I’ve always believed that you can’t pay people money to watch ads. I also believe you can’t pay them to pitch products to their friends, either directly, by endorsing things on social networks or by creating UGC tied to a product-pitch. (I mean, obviously, you can pay them to do these things, but it’s not a good business model.)
This belief is probably the most recurring source of disagreement I have with other people in the online marketing business. I used to argue my side by making vague references to the “Attention Economy”, but that was just hand-waving. Then I read Looking Good by Doing Good in the Economist. It references Image Motivation and Monetary Incentives in Behaving Prosocially, by Ariely, Bracha and Meier.
This paper experimentally examines image motivation–the desire to be liked and well-regarded by others–as a driver in prosocial behavior (doing good), and asks whether extrinsic monetary incentives (doing well) have a detrimental effect on prosocial behavior due to crowding out of image motivation.
Or, as Richard Titmuss noted in 1970: paying people to donate blood reduces the number of donors.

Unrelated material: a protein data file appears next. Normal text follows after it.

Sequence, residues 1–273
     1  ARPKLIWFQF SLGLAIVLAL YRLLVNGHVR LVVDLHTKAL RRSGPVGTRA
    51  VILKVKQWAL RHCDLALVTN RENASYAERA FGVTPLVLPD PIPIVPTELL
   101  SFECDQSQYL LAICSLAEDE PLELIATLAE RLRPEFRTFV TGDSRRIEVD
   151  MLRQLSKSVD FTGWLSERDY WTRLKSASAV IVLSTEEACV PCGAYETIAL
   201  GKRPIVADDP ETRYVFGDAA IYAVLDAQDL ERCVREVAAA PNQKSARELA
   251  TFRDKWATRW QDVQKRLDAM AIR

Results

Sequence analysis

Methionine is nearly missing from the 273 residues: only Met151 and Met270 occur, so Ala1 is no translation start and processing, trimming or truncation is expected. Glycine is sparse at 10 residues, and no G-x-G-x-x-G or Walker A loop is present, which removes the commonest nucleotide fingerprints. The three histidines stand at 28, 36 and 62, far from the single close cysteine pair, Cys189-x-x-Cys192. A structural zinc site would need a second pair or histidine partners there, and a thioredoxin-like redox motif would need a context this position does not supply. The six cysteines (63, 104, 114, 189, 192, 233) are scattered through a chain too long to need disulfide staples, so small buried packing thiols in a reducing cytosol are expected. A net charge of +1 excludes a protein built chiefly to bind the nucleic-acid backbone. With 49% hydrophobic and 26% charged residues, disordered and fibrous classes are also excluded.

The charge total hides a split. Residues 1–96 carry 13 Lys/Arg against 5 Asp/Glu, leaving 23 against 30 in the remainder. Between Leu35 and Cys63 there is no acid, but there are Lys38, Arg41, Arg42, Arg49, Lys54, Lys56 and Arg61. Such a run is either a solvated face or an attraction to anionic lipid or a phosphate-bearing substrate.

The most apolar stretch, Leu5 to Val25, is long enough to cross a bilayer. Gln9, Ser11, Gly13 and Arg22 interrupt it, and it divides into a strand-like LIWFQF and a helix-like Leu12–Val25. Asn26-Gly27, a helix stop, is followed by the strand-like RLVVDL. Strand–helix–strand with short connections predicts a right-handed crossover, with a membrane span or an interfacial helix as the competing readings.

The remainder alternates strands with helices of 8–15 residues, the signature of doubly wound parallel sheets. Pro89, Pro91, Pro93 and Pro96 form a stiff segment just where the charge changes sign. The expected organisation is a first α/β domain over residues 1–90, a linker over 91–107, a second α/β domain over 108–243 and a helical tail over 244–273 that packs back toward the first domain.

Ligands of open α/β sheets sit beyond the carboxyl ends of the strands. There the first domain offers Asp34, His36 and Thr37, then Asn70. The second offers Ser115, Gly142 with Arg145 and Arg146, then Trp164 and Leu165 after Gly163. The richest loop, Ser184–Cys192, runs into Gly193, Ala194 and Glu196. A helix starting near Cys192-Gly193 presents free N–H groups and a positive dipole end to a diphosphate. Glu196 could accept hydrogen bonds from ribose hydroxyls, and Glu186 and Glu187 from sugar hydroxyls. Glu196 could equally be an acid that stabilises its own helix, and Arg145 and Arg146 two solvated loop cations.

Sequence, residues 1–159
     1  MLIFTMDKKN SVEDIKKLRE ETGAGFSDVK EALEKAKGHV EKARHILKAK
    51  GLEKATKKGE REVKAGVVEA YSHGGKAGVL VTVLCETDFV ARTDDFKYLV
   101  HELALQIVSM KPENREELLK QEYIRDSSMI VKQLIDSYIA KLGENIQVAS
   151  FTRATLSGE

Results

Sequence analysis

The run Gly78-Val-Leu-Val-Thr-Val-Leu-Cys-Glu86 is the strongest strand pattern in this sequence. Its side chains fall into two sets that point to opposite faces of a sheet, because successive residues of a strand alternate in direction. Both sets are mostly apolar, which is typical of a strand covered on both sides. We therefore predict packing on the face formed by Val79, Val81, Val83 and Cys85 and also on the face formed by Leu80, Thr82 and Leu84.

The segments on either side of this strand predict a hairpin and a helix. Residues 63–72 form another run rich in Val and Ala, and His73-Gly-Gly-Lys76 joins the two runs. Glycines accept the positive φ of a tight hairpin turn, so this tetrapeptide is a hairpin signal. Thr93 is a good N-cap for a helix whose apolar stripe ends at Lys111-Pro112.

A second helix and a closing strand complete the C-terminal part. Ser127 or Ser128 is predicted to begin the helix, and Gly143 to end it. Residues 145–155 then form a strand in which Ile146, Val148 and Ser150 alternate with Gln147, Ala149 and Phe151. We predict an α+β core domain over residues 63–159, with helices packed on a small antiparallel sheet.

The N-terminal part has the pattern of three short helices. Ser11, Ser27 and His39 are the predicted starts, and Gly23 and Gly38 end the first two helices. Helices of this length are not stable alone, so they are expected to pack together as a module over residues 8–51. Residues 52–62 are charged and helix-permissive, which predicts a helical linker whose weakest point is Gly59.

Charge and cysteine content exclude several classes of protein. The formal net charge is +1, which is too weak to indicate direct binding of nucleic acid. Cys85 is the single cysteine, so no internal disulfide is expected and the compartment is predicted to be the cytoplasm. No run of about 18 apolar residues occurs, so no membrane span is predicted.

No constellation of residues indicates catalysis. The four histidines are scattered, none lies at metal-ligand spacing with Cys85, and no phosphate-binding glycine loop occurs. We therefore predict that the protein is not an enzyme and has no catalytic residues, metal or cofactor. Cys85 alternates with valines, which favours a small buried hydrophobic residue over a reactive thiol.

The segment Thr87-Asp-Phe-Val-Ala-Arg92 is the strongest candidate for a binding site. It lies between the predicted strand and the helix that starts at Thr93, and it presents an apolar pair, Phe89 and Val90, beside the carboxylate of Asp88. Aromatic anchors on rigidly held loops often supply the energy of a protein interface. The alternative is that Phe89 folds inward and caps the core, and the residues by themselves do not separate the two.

I think this explanation can be made broader: people try to maximize utility, not money. Making money can have a high disutility in some circumstances. This creates asymmetries: someone may work for half an hour to make $5 and then spend that $5 on a magazine, but they won’t work for half an hour to get the magazine. That this seems illogical is the reason I’ve had to make this point so many times, but I’ve always thought it was pretty self-evidently true. Now I’ve got science (well, economics anyway) on my side.
The really interesting point, though, is that it is actually cash that creates the disutility. If you want to pay your users, you can use anything except cash.